Reviews for Instant Games apps will open immediately, reports Facebook, although the company notes it may take several weeks for it to get through the apps currently in the review queue. Newly submitted apps will not be reviewed until the apps in the queue have been reviewed.
For Messenger Apps, only those with a limited number of Page connections will be reviewed: “This week, we are reopening review for developers that support a limited number of Pages, allowing them to set up direct Messenger integrations across their own Pages.”
Facebook says it is prioritizing Messenger app reviews for existing apps already in its review process queue before reviewing new requests. In addition to reopening the review process for Messenger apps, Facebook will also re-enable existing apps using Page conversation APIs to connect to a limited number of Pages.
Facebook paused its app review process on March 26, after announcing it was suspending Cambridge Analytica, which had used an app to harvest and exploit user data. Halting app reviews was Facebook’s way of showing it was performing due diligence around the very thing that caused its latest crisis. Not only did Facebook stop app reviews, the company also modified its app review process, and limited the amount of user information — including friend lists — that app developers had access to.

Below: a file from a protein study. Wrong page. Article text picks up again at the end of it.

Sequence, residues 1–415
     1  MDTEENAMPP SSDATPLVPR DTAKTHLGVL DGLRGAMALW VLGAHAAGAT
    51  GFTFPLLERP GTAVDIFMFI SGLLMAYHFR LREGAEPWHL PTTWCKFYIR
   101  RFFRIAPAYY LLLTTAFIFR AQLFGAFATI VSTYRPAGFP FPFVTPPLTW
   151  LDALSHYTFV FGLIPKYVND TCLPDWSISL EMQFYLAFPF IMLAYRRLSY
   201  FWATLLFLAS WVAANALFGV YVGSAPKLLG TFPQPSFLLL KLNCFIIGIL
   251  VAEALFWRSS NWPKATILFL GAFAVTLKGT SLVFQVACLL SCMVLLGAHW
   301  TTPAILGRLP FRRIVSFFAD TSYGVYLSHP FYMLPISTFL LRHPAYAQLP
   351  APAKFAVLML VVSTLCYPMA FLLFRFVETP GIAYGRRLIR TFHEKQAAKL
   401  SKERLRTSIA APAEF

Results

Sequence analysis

Since the Cambridge Analytica news broke, Facebook has made a number of announcements concerning all the ways it is aiming to protect user information. But the changes Facebook is making to its privacy policies do not appear to be helping it win back trust among users. This week, NPR/PBS News Hour and Marist Poll surveyed more than 1,000 US adults and found 80 percent said they had no confidence at all, or very little, that Facebook safeguards their personal information. Ninety-two percent of Facebook users polled said they didn’t have much, or any, confidence that what they see on the site is true.
Now that Facebook has reopened the review process for Instant Games and the Messenger apps that connect to Pages, the question for marketers is whether or not it’s worth putting money toward a Facebook app if the public has lost all trust in the platform.
While game apps, and especially, Messenger apps that let brands engage directly with users, may offer a certain appeal to brands looking to extend their reach on the site, what good are they if people are currently removing apps in bulk from their Facebook profiles?